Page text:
Research, published in the American Journal of Clinical Nutrition, reports that diary modified to be lower in saturated fats is beneficial to cholesterol levels and heart health.
Dr Duane Mellor, Registered Dietitian and Senior Teaching Fellow, Aston Medical School, Aston University, said:
“This is an interesting proof of concept trial which has shown you can change the makeup of dairy products based on what you feed the cow. Then when you give that to people it can affect some markers in their body.
“However, it should be noted that while the press release says conventional dairy products increased cholesterol by 5.5% and the lower saturated fat ones did not, that is actually LDL (or bad) cholesterol, rather than total cholesterol. It is also important to consider although difference in the LDL between the two groups was mathematically or statistically significant, it is perhaps not clinically that important. Dietary changes can lower it by over 25% and drugs much more. Although the study showed estimated LDL cholesterol changed using an equation, it was unclear how it actually changed as the different types of cholesterol particles based on size did not change.
“The study was designed to have enough people to be able to show a change in total cholesterol level, but surprisingly it did not show that – it only showed that the dairy produce with less saturated fat increased LDL cholesterol by a smaller amount than the normal variety did, which is actually not what the study was originally designed to do.
“So, this study is interesting in that it suggests that there could be benefits from changing the types of fat in dairy foods, but it did not really provide enough data to back this up this claim. There has been debate recently about what the role is of dairy and saturated fat in heart disease development – in fact, the same researchers had previously published research that suggested some forms of dairy and saturated fats may actually reduce risk of heart disease.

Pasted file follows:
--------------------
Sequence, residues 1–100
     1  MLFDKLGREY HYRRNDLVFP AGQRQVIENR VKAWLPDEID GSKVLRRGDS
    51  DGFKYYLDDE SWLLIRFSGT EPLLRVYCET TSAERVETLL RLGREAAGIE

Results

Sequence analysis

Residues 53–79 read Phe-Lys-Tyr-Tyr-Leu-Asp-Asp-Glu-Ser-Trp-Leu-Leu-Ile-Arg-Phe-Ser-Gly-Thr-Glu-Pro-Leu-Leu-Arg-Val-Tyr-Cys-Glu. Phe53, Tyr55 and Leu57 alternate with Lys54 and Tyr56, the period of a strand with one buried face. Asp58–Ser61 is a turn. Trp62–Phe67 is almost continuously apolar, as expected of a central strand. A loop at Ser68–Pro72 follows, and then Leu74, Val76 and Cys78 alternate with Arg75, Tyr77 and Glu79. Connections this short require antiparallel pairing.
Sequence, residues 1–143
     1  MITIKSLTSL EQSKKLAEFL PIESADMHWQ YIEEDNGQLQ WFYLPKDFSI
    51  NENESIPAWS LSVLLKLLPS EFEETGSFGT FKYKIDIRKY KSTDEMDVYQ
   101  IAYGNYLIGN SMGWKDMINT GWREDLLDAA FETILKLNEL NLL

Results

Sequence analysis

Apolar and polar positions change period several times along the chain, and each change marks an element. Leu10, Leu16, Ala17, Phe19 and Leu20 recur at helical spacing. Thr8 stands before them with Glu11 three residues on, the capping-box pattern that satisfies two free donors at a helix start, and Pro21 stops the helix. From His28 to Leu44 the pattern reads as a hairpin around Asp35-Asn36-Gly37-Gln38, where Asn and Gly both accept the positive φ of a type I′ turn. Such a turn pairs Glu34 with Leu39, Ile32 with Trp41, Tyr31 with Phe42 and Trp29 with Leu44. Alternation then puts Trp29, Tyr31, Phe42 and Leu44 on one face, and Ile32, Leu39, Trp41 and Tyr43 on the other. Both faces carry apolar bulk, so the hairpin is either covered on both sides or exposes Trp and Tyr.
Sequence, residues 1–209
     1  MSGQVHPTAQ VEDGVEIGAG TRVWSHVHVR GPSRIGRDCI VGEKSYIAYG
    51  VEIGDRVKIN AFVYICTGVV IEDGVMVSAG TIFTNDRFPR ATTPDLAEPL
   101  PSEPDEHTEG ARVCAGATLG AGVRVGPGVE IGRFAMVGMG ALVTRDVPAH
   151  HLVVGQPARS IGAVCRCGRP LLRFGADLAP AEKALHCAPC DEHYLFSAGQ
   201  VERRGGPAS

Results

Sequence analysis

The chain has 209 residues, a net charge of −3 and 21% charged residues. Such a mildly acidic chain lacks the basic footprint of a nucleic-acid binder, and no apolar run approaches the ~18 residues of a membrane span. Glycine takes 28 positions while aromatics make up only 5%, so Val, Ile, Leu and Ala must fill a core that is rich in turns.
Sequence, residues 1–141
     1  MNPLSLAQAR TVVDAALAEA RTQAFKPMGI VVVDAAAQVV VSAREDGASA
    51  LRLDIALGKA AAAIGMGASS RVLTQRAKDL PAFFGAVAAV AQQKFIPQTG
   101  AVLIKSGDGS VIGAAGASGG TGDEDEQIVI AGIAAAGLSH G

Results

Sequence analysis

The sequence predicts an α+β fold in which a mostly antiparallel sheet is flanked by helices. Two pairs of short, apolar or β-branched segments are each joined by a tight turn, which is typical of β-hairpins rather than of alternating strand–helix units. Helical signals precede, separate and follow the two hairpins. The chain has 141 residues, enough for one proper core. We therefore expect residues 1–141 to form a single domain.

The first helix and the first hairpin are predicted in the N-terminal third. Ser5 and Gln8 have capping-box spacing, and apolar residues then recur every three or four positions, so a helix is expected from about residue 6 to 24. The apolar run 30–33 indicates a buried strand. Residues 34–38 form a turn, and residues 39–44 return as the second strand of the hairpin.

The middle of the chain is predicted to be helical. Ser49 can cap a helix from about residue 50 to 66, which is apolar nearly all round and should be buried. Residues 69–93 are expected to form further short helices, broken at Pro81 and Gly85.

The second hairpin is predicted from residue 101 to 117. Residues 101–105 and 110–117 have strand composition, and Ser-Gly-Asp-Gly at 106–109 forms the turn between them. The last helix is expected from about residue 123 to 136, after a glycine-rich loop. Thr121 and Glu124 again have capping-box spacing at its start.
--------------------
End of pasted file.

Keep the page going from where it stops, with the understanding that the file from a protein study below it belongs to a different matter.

“So, what might this new research mean? It’s good that we may be able to change how we raise cattle to improve the nutritional qualities of dairy, and also in this case reduce the methane those cows emit, reducing greenhouse gas emissions linked to dairy. It may not have a massively clinically significant impact on heart disease risk on its own, especially as dairy itself may not be the problem.”
Prof Paul Evans, Professor of Cardiovascular Science, University of Sheffield, said:
“These researchers have proposed an interesting strategy to lower cardiovascular risk by altering the composition of milk, butter and cheese. They tested this by feeding cows with sunflower oil causing their milk to have reduced disease-associated saturated fats and higher levels of protective monounsaturated fats. Individuals at risk of cardiovascular disease had improved arterial health when they consumed the modified dairy products.
“A limitation of the study, however, is that it is based on participants consuming higher-than-average levels of dairy products over a short period of time, and further work is therefore needed to know if modified milk can benefit individuals with normal intake of butter and cheese over a longer period. Further studies are also required to know if modified butter and cheese can benefit patients with pre-existing cardiovascular diseases including those recovering from a heart attack or stroke. Although modified dairy products could be helpful in the future, we can all reduce our cardiovascular risk by healthy eating including 5-a-day fruit and vegetables, regular exercise and stopping smoking.”
Dr Elizabeth Lund, Independent Consultant in Nutrition and Gastrointestinal Health, said:
“This very thoroughly conducted study shows that changing the fat composition of dairy products (milk, butter and cheese) can change some risk markers for cardiovascular disease. The authors have previously demonstrated that feeding cows a diet high in a special type of sunflower oil enriched in mono-unsaturated fatty acids similar to those found in olive oil produced milk with less saturated fat and more unsaturated fat.
“It should be noted this is not about a low fat diet but about a change in fat composition.